LIVING JOYFULLY NEWSLETTER
Issue #27 | December 31, 2013
DECEMBER’S THEME: Looking Back at Unschooling
Welcome to the last issue of my newsletter for 2013. I hope things have been well!
Last month’s theme, Unschooling Beings, had me looking at the value of unschooling from my children’s perspective: the wide range of learning about the world, about living, and about relationships that goes into being a person, a human being.
So this month I thought I’d look back at unschooling from the parents’ perspective. Most of us have been to school. Choosing unschooling for our children likely meant a significant paradigm shift away from the school model of learning we were brought up with. I know it did for me. What have I gained through pursuing unschooling with my children? How have I changed? Let’s dig into that.
ON THE BLOG … this month
This post is my explanation of how and why my definition of success grew beyond the conventional one, from a focus on attaining wealth and social position, to a focus on accomplishing whatever goals are meaningful to the individual. And it’s one of the most valuable insights I feel I have gained from moving to unschooling.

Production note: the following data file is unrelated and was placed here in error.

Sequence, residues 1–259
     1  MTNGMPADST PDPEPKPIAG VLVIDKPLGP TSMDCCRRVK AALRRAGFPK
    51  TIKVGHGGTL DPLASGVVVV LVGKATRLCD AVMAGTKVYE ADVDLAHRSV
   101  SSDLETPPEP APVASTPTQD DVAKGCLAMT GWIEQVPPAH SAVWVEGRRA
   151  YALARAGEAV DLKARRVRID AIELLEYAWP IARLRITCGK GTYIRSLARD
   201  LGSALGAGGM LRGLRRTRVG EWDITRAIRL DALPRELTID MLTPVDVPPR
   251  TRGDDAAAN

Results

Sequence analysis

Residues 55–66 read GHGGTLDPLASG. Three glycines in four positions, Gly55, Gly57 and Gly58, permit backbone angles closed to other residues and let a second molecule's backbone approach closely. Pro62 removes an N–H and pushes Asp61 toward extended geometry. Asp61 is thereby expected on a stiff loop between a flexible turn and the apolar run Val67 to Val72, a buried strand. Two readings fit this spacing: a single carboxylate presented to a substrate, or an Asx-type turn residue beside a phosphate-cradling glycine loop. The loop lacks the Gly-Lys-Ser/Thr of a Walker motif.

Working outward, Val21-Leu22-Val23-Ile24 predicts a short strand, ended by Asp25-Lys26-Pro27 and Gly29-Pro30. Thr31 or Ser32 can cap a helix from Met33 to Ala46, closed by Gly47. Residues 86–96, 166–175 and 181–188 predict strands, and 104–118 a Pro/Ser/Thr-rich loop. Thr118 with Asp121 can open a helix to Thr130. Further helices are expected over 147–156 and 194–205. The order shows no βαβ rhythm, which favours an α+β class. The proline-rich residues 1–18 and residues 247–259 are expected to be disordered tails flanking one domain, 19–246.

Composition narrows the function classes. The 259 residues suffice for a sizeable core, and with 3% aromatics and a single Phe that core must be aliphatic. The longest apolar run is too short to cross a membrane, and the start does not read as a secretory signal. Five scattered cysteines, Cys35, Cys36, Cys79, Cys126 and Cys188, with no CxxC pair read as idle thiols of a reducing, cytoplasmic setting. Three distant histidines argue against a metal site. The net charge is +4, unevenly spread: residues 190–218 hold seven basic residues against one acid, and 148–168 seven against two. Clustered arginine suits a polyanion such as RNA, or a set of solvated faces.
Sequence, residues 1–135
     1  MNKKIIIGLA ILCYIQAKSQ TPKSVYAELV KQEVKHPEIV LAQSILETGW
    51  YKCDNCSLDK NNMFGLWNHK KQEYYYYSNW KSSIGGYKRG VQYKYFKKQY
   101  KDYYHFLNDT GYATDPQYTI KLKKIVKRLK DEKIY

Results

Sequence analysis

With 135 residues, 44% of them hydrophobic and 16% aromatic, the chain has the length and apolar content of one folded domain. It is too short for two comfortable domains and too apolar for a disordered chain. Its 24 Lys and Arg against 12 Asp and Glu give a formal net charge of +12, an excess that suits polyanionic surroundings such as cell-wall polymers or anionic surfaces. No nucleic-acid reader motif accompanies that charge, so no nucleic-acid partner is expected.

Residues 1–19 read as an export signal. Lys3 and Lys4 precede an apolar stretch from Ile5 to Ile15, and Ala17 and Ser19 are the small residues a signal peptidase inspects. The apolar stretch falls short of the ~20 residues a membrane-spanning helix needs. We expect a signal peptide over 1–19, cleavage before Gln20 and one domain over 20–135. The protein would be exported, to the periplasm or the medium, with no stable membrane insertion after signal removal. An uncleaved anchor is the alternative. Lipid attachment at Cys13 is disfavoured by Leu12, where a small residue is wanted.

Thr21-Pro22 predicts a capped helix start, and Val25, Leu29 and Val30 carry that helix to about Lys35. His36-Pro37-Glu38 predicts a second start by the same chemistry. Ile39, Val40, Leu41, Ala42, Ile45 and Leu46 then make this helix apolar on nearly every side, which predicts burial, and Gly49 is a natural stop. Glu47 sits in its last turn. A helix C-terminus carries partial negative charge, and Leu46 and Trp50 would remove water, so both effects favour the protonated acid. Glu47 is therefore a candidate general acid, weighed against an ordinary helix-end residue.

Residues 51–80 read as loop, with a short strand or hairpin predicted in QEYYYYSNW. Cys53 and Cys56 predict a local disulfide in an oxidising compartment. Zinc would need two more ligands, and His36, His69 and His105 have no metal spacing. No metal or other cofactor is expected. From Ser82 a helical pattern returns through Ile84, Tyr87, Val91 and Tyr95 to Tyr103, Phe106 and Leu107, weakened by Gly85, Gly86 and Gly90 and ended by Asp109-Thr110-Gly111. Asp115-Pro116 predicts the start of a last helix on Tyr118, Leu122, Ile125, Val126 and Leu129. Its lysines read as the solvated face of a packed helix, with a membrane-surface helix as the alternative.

I have come to treasure the creativity that unschooling nurtures. The mindset of being open to the possibilities, of thinking for themselves, has allowed life to play out in marvelous ways time and again.
Shifting my frame of reference for learning from “childhood” to “lifetime” has helped me not only to see the true scale and impact of my children’s learning, but to also value my own learning more than ever.
LET’S TALK ABOUT … what Living Joyfully readers have found most helpful
I’ve been writing (mostly!) weekly on my blog for well over a year now. With that many posts, I know it can be challenging to find just the right one to speak to where you happen to be on your unschooling journey—and of course that changes over time. With that in mind, I thought my last newsletter of the year would be an opportune moment to share some of the posts that struck a chord with readers. Maybe one might be just what you’re looking for right now. 🙂